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HOME > CENTRAL TAIWAN > DINING

COMPASS MAGAZINE > July 2008
 

Wishful House

 


Wishful House

By Uvia Chang
Translated by Ann Lee

79, ZiZhi St
(04) 2372-7899
Hours: 11:30 am-2 pm, 5:30-9:30 pm
Credit cards accepted.
10% service charge.

Wishful House, a deep-red, glass Chinese restaurant decorated with a combination of traditional Chinese and French Impressionist flair, is located near the corner of the canal on LiuChuan West Road and ZiZhi Street. If not for the huge banner at the entrance which reads, "Shanghai & Jiangzhe-style delicacies", one might think that is place is just like any other coffee house in the city. When you walk in, you'll first be greeted by a large wooden sign with the characters for "Wishful House" written in large print, as well as two red lanterns and an antique cabinet. These design elements help give the restaurant an old-fashioned, nostalgic feel.

Most people in Taiwan can tell the difference between real Shanghai delicacies and imposters, and Wishful House keeps the most discerning of diners happy. The young, delightful hostess here, Chen Li-dai, explains that the secret to their famous dishes is the chefs, who've had over 20 years of experience making these Chinese specialty dishes. They actually learned their cooking techniques from an older generation of chefs in China, which gives the Wishful House an even more authentic edge.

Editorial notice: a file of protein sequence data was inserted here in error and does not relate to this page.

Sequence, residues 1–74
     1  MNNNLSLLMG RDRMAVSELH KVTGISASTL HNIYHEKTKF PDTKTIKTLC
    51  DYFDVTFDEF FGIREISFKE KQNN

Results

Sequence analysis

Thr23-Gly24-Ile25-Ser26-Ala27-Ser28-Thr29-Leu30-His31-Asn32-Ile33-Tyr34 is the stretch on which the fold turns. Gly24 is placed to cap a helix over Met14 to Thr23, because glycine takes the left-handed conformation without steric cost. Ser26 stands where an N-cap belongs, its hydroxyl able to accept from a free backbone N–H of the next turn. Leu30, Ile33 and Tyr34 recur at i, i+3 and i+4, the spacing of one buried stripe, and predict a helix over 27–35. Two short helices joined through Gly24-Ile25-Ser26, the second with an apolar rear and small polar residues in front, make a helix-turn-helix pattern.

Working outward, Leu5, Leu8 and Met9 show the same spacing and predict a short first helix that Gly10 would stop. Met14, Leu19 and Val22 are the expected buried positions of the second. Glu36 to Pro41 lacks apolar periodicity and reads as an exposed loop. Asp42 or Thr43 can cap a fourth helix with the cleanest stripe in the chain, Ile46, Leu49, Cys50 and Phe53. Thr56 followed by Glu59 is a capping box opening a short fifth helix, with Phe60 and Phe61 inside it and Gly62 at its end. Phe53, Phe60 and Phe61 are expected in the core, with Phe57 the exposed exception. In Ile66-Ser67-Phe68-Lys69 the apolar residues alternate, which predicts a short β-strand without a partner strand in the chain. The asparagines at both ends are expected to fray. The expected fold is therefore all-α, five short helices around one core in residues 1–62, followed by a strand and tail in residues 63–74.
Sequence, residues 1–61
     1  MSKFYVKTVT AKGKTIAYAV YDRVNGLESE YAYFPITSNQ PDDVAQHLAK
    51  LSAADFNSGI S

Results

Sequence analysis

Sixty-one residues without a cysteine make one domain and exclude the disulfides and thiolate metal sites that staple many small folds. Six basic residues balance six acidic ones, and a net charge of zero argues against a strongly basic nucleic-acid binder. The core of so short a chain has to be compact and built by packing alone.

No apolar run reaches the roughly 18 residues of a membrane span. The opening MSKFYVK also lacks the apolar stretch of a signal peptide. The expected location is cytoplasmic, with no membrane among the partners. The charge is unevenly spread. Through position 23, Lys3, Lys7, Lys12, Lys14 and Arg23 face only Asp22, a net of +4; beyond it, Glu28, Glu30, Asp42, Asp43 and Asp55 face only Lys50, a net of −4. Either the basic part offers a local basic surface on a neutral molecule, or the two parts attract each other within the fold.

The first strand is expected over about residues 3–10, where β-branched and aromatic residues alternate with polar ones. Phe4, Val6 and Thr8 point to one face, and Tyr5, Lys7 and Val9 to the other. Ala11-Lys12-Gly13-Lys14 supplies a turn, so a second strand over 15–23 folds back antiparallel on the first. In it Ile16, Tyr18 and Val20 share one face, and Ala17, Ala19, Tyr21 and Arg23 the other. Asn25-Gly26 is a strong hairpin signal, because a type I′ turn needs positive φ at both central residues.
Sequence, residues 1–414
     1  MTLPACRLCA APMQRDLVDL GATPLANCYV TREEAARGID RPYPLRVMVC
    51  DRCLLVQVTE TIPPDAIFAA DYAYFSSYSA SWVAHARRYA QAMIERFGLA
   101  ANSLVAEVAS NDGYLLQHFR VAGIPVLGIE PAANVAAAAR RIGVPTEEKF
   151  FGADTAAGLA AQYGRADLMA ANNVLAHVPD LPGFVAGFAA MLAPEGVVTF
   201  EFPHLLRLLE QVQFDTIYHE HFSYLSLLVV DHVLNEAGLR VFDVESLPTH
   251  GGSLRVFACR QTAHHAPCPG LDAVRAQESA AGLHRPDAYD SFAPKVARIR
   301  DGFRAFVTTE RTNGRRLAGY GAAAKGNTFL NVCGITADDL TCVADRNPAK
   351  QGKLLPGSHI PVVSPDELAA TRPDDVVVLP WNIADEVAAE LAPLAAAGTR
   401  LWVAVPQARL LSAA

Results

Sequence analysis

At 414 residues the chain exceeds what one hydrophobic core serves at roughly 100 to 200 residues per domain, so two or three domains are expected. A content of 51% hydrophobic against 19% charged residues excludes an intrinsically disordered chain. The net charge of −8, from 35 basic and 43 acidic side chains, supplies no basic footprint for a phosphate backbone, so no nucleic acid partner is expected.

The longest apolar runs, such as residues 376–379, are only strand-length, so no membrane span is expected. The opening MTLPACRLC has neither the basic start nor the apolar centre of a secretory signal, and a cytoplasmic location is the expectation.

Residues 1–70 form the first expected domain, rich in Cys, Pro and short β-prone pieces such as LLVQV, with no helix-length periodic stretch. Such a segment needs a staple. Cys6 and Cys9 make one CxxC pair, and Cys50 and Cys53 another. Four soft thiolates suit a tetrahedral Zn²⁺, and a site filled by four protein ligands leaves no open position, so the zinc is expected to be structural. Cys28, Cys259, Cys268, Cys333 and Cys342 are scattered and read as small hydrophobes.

The chefs truly capture the essence of Shanghai flavors, and supervise the entire cooking process, from hand-picking the ingredients and spices to shelling the shrimp, cleaning intestines, and scrubbing the potatoes. One of the dishes, Bean Curd with Crab Roe (蟹黃豆腐), is made by carefully removing stubborn crab meat from the shells, so that not a fleck of shell remains. This attention to detail is just one special quality of the restaurant.
While flipping through their thick menu, you will see various specialty dishes that would require a lot of technical skill to create; the selection includes steamed, braised, stewed, sauteed, grilled and clay pot cooked seafood, poultry and red meat. Some Shanghai-style rice and vegetable dishes, soup dumplings, and Ningbo Sticky Cakes are also available, and start at NT$100. The dining area on the first and second floors fits about 15 tables, and three private rooms seat about 18 customers each. When you dine at Wishful House, you may bring your own liquor without an extra corkage fee.

Wishful House Wishful House

Top-Left Picture: Kao Fang (or more commonly known as Dongpo Pork, NT$350), is made with top-quality pork cooked with rock candy, soy sauce, and some secret seasonings. This dish takes half a day to make, and throughout the cooking process, chefs need to constantly remove the grease from the pork, so that you can enjoy the melt-in-your-mouth texture that makes this dish one of the best in the restaurant.

Top-Right Picture: The Steamed Fish Head with Diced Red Hot Chili Peppers (NT$680) is made with naturally-fermented red chili peppers that are marinated with the dishes other ingredients to create a slightly sour and spicy flavor. The mix of steamed fish head, peppers, and tofu makes the smell of this dish irresistible.

Wishful House Wishful House

Top-Left Picture: Bean Curd with Crab Roe (NT$260) is made with authentic crab roe. Though this dish takes some extra time to make, it's certainly worth the wait.

Top-Right Picture: The Shanghai Pot-Au-Feu (NT$328) is made with rich, flavorful broth that's simmered for six hours with pork ribs, ham, tofu skin knots and winter bamboo shoots. It's one of the most famous Jiangzhe-style delicacies.


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